Garbage disposal systems are one of the best additions you can make to any kitchen. But even though their purpose is to keep our pipes from getting clogged, blockages still happen from time to time. So what should you do if that comes to pass? Can you put drain cleaner in a garbage disposal?
Ultimately, the answer to that question depends on the ingredients that went into the product in question and the materials your garbage disposal is made of. But if you’re looking for a short answer — yes, you should be able to put drain cleaner in your garbage disposal system. Still, if you want to make sure the drain cleaner you have isn’t the exception to that rule, keep reading.
How Does a Garbage Disposal Work?
Most people know how to operate a garbage disposal system. You just toss your scraps in your sink, and while the water from the tap pushes them down the drain, flip the garbage disposal switch. The blades in the pipes start spinning, breaking down the food leftovers you threw down the drain.
The main part of the garbage disposal is attached to the underside of your kitchen sink. So if you end up having to disassemble the system of pipes due to a misplaced heirloom that made it past the blades, that’s where you’ll start. Of course, you’ll first have to deactivate the electric motor that moves the blades to prevent potential injuries.
Ultimately, garbage disposal systems should minimize pipe clogs by breaking down food particles before they reach the drain pipes. That’s what makes it doubly ironic when you still manage to clog the pipes. After all, the device should at least be able to handle the food scraps that remain on your plate after lunch or dinner. So by all accounts, they should work on most kinds of food.
Pieces of fruits and vegetables, as well as soft, cooked meat scraps should clear the blades without an issue. Even then, you’d have to make sure that the things you throw in were in pieces that are small enough for the blades to handle. Moreover, there are still certain kinds of foods and even non-food items that tend to cause blockages.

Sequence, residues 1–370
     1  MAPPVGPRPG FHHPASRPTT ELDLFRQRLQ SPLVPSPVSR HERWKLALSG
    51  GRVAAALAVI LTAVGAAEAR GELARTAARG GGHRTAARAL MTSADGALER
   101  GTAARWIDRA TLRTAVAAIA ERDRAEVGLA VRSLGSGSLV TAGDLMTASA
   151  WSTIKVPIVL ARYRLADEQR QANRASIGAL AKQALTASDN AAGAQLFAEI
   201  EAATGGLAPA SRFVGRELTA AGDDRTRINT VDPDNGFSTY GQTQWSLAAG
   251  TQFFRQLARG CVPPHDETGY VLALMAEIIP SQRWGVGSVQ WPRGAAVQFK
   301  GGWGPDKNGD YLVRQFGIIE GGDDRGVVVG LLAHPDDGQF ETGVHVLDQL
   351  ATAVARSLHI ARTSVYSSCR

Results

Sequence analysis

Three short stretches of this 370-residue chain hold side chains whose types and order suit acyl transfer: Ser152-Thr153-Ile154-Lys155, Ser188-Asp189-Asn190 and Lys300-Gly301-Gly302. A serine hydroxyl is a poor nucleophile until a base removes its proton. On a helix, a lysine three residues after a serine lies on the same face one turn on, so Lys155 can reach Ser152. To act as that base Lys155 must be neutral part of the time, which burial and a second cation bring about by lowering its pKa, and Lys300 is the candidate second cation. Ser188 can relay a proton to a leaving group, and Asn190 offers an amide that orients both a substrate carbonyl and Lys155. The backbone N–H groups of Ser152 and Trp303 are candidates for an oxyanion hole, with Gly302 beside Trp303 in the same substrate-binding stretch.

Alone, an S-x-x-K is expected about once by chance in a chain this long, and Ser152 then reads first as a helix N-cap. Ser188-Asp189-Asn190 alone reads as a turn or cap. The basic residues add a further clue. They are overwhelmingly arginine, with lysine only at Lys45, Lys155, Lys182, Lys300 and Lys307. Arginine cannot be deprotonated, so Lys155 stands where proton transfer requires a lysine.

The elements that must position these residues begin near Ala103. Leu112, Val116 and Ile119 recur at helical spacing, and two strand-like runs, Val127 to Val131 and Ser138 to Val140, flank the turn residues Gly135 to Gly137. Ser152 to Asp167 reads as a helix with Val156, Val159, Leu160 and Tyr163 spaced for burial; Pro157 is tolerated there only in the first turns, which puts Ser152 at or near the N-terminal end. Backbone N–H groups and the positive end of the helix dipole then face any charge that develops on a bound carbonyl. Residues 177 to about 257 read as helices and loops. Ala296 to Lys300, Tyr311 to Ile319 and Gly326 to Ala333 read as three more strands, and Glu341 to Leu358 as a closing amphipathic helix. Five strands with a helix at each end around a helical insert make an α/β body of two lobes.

What Can Clog a Garbage Disposal System?
At this point, you might be wondering if you’re making your garbage disposal chop through things it wasn’t designed to break down. So let’s talk about how your system might get clogged.
For one, you shouldn’t be throwing fibrous vegetables like celery, onion skin, and corn husks into your garbage disposal. No matter how small the pieces you toss in are, the structure of these veggies would make them tangle in the blades. Other items you shouldn’t be tossing down the drain include:
- Oily and fatty substances like bacon grease, butter, and cooking oils, which may coagulate
- Pasta, rice, and other starchy veggies, since they just pile up at the first bend in the pipes
- Banana peels, which can get sticky, especially when you toss the whole peel instead of chopping it into small pieces
- Hard fruit pits and stones that would damage both the blades and the pipes before causing an obstruction
- Cigarette butts, since they tend to have similar issues clearing the pipes as both fatty and starchy foods
- Coffee grounds, even though many people use them to make their kitchen smell nice (they invariably settle into a thick sludge at the first bend in the pipes)
But really, even the approved kinds of food items can build up in your pipes if you’re not using the garbage disposal correctly. Namely, garbage disposal systems shouldn’t operate without any lubrication. So make sure to keep the water running while the blades are shredding your leftovers.
Lastly, while many of these items don’t belong in the garbage disposal system, you could always compost them. That way, your waste can breathe new life into the surrounding plants by enriching the soil they grow from.
Can the Ingredients in Commercial Drain Cleaners Damage Your Garbage Disposal System?